You know that feeling. You’re lying in bed, trying to fall asleep, when suddenly your legs start feeling twitchy and uneasy. You begin to feel an irresistible urge to move them. Still, no matter how much you give in to the movement, it only provides temporary relief. If this sounds familiar, you may have a condition known as restless leg syndrome (RLS), and your sleep is probably being affected.
What Is Restless Leg Syndrome?
Restless leg syndrome is a neurological disorder characterized by these uncomfortable sensations in the legs and an uncontrollable urge to move them. RLS can occur at any time, but it is most common at night when trying to sleep. Researchers have found that 88% of individuals diagnosed with RLS have insomnia, fatigue or other sleep-related problems.Get Comfortable with Quality Bed Linens
What Causes Restless Leg Syndrome?
Research has focused on dopamine and glutamate neurotransmitters as possible causes of RLS. Dopamine is involved in motor control, and a deficiency may cause the involuntary leg movements associated with RLS. Glutamate is an excitatory neurotransmitter, and an imbalance toward excess may contribute to the sensation of discomfort in the legs and trouble with sleep.
Some known risk factors can increase your chances of developing the condition. These include:
- Age – RLS is more common in middle-aged adults and older seniors.
- Family history – If someone in your family has RLS, you may be more likely to develop the condition yourself.
- Chronic diseases – People with certain chronic health conditions like diabetes or iron deficiency anemia are at higher risk for RLS.
- Pregnancy – Up to 20 percent of women experience RLS during pregnancy, especially in the third trimester. The good news is that RLS often goes away after delivery.
Symptoms of Restless Leg Syndrome
The primary symptom of restless leg syndrome is an irresistible urge to move your legs. This sensation typically occurs in both legs and can range from mild discomfort to severe pain. The desire to move is often worse when resting or lying down, which is why the condition can interfere with sleep.
Other symptoms of RLS include:
- A pins-and-needles sensation in the legs
- Burning or itching sensations in the legs
- Cramping or throbbing sensations in the legs
These symptoms can vary in intensity and may come and go over time. In some cases, they may only occur sporadically. However, they generally worsen with age and can become more constant over time.Find the Perfect Mattress for Better Sleep
Treatment Options for Restless Legs
There is no known cure for restless leg syndrome. Still, various treatment options can help temporarily ease its symptoms. These include medications like dopaminergic drugs or anticonvulsants, iron supplements if you have iron deficiency anemia and compression stockings or massages if you have vascular disease.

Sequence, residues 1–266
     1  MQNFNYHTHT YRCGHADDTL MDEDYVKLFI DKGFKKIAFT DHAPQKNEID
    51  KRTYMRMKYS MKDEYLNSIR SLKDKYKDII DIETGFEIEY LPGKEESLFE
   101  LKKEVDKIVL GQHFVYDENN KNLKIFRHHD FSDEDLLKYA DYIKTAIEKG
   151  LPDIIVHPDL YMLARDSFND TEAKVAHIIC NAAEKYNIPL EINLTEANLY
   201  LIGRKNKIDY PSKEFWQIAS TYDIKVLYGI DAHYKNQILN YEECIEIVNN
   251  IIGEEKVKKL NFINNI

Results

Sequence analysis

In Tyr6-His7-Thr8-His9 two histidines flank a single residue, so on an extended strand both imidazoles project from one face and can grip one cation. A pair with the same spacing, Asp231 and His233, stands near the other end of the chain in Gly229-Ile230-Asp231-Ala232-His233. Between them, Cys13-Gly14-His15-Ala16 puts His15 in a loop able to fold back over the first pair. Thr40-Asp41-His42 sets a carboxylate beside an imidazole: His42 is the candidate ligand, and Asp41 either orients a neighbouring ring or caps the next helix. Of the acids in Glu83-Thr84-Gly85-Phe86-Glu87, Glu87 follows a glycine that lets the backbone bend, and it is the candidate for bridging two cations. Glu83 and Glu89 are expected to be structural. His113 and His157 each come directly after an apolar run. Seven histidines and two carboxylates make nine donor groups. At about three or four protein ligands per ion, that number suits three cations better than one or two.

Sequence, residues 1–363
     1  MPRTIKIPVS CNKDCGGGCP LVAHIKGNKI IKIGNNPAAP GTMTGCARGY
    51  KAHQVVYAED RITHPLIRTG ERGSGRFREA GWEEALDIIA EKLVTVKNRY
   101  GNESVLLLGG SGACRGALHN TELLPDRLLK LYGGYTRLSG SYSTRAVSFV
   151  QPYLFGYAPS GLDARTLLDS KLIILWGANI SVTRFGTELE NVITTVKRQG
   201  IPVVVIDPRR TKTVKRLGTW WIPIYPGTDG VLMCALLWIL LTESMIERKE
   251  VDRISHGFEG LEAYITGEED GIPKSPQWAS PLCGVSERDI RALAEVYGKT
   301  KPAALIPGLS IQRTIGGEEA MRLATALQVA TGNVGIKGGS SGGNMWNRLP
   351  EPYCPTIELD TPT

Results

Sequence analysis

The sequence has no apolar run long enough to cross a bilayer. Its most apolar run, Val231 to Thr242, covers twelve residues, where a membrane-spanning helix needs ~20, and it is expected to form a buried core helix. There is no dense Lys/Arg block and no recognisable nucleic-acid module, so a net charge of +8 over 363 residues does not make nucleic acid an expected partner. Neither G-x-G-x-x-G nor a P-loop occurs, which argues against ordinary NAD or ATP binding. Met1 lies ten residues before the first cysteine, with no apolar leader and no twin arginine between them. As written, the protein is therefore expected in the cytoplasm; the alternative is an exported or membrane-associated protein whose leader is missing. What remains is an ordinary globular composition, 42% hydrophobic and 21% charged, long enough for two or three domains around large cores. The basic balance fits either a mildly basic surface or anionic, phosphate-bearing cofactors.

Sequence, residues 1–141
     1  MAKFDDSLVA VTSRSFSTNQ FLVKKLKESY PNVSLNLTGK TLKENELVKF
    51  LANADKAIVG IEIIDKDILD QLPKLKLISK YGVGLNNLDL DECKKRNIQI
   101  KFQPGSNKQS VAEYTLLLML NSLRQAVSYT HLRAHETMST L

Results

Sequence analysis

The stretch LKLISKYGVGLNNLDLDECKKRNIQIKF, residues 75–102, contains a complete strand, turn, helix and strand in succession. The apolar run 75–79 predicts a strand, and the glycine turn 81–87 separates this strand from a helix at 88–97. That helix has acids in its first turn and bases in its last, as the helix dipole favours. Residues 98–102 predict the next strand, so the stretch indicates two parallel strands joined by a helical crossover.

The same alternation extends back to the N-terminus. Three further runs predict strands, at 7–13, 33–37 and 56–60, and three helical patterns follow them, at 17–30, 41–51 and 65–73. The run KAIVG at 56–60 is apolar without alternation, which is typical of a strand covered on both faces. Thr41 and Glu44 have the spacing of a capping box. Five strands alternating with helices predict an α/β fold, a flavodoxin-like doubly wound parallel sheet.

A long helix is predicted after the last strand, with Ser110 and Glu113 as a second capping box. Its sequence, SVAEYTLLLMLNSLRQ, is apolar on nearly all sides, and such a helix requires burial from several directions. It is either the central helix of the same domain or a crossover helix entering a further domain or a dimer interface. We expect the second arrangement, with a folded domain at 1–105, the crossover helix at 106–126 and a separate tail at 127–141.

In some cases, lifestyle changes like exercising regularly or reducing alcohol consumption may also help lessen the symptoms of RLS. You may also want to consider therapies like massages and practicing stress-relieving activities like meditation or yoga.
It’s best to consult your doctor to find out which treatment option is best for you.
Getting a Good Night’s Sleep with Restless Legs
It can be tough to get a good night’s sleep when dealing with restless leg syndrome symptoms. However, there are a few things you can do to make it easier.
Ensuring that your bed is comfortable and supporting you properly is a crucial first step to getting a good night’s sleep. This means finding a mattress that is neither too soft nor too firm and using bedding pillows that keep your spine aligned. Pillow top mattresses are popular among RLS sufferers because they provide good support without being too firm.
You can also upgrade your bed frame. Adjustable beds provide relief for many with RLS, as they allow you to adjust the position of your legs and body to take pressure off them and improve circulation. This can relieve the tingling, discomfort and pain associated with restless leg syndrome and help you get the restful sleep you need.
Living with restless leg syndrome can be challenging, but there are things you can do to ease your symptoms and manage the condition overall. If you think you may have RLS, talk to your doctor about treatment options and management strategies that could work for you. In addition, making adjustments to your sleep environment can also help you get the restful sleep you need to feel your best.